The Merchant of Venice reflects the context in which it was written in many ways. In The Merchant of Venice Jews were separated from the main part of society, lived in ghettos, were gravely mistreated and hated, and lived out some of the biggest stereotypes that were laid upon their kind. Like in real life the Jews in the play live in a ghetto, separated from the rest of society. This was common in many towns around Europe. If the Jews were not completely banished from the country, they were segregated into their own little towns so that the "normal" citizens did not have to interact with them on a regular bases. The character of Shylock is also greatly based on context. Because Shakespeare never met a Jew, he based the character on many myth's. As Kirschbaum says, "Shakespeare's source for Shylock was not life but literature and folklore. In them the Jew was typed as an anti-Christian, usurious, cruel monster. This is the stereotyped figure which Shakespeare utilized for Shylock." (Kirschbaum 2) During the time, Jews were seen as money hungry mongrels, willing to do anything for wealth. Throughout the play Shylock displays these qualities, crying over his loss of wealth every some some is taken away from him. He also tries to commit a "ritualistic murder", an action linked to Jews in that period.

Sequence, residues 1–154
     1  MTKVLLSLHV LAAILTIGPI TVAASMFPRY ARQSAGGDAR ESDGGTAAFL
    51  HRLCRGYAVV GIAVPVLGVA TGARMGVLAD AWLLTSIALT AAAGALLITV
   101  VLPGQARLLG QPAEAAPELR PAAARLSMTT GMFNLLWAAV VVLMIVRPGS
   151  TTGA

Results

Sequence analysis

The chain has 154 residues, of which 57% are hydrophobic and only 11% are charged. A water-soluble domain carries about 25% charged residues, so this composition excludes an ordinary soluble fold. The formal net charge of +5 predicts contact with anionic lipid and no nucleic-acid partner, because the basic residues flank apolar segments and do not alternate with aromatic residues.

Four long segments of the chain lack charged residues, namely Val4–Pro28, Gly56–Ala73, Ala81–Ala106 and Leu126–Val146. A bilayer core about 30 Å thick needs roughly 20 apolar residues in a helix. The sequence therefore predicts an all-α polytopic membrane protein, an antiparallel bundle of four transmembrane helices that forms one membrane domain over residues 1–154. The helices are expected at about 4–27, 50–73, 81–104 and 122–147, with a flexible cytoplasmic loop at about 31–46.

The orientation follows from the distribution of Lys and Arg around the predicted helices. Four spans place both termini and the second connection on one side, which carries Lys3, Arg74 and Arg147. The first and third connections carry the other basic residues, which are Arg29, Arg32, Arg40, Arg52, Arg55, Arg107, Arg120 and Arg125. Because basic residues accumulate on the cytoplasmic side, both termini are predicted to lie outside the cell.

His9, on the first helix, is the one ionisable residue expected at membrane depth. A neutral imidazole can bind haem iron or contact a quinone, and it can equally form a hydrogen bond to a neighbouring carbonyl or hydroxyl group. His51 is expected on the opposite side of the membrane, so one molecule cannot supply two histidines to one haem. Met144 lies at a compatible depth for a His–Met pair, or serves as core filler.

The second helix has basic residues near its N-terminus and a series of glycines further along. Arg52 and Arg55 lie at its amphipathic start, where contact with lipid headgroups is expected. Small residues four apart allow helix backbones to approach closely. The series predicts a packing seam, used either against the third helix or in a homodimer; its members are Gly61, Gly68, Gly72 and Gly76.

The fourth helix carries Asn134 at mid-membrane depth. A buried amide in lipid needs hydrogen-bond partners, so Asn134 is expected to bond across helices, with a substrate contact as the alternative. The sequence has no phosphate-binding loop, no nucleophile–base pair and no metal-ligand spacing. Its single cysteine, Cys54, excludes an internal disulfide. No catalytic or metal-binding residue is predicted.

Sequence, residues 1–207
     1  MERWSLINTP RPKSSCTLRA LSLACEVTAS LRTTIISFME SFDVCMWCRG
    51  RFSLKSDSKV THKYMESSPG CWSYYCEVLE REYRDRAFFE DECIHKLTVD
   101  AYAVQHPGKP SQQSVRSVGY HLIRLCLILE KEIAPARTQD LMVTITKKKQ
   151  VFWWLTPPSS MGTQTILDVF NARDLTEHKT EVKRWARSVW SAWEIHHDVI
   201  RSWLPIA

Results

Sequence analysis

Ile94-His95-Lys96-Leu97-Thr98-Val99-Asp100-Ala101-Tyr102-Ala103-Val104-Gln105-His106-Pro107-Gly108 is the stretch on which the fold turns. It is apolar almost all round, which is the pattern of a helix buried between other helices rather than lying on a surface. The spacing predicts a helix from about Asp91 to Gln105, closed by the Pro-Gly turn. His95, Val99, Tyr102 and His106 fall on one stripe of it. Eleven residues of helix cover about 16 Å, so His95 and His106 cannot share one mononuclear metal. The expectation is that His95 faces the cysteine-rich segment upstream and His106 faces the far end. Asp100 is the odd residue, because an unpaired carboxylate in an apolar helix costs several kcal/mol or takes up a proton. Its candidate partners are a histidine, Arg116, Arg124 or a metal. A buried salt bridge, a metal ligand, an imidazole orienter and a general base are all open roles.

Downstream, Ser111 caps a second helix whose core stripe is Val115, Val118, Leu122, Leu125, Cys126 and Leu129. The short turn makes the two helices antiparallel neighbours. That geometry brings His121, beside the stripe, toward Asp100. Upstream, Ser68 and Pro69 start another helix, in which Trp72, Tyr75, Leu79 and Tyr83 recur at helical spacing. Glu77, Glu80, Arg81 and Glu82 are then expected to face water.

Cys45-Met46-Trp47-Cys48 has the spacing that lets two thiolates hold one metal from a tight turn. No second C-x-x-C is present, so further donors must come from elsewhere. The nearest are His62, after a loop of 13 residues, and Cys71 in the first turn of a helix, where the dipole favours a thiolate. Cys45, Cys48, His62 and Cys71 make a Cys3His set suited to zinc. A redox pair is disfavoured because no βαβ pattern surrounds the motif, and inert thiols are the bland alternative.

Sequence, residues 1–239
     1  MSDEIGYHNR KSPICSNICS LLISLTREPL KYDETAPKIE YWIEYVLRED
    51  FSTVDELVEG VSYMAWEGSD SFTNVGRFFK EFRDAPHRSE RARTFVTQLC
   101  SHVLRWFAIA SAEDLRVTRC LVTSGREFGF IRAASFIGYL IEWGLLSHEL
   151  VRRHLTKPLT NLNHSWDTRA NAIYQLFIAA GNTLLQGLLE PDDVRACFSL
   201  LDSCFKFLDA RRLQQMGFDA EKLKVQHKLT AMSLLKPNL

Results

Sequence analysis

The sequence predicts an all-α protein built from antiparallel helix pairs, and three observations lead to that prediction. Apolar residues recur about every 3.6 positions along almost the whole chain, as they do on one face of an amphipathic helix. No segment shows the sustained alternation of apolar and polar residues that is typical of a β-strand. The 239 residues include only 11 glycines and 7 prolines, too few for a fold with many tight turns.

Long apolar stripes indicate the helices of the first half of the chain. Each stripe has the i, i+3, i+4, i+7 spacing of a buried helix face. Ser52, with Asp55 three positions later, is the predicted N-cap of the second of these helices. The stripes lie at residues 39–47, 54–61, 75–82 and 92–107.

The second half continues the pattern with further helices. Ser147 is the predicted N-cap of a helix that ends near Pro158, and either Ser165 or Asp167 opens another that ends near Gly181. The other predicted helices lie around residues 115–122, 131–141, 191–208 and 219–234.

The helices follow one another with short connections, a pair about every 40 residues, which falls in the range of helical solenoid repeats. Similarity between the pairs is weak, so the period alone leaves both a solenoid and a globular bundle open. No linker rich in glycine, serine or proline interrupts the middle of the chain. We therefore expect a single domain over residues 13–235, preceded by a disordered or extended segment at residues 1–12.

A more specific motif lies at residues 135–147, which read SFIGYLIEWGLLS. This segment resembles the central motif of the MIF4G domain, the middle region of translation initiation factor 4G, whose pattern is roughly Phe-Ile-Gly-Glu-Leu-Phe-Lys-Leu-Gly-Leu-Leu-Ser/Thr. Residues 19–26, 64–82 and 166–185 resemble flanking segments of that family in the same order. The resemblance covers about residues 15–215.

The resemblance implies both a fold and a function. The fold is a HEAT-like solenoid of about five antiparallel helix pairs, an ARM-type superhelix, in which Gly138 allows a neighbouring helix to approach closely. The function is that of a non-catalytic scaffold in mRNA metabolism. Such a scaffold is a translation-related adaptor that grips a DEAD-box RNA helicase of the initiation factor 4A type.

Shylock can be seen as greedy, grumpy, and always worrying about his money, all Jewish stereotypes. He definitely does not shy away from some of the stereotypes, even to the point of embracing some of them. This was most likely a decision made by Shakespeare in order to familiarize the character to his audience. They would most likely not understand or enjoy a Jewish character that did not have any of the qualities that they associated with Jews. Also throughout the play, Shylock is mistreated, much like in real life. For example, in Act 1, Scene 3, Antonio says, "mark you this Bassanio, The devil can cite Scripture for his purpose." (I.iii.93-94) He is calling Shylock evil, comparing him to the devil and his ability to manipulate the bible to prove his points. The insults do not stop here. Later in the play, Gratiano calls Shylock an "inexecrable dog."(IV.i.128) He is saying that Shylock is no more than an animal in the wild, a true insult. These are just two examples of the many insults Shylock faces in the play all because of his religion. These insults show the influence of context on the play because in real life during this period Jews were exposed to this same verbal abuse, and much worse. Shakespeare put the insults in the play because some members of the audience would likely insult a Jew the same way if they saw ever one. The Merchant of Venice reflects almost every aspect of society at the time, whether it be the Jews segregation, stereotypes placed on Jews, or abuse of Jews in every way. But even with this great amount context behind the play, some critics still think the play uses the context as a subplot, and that the main story of the play is a romantic comedy.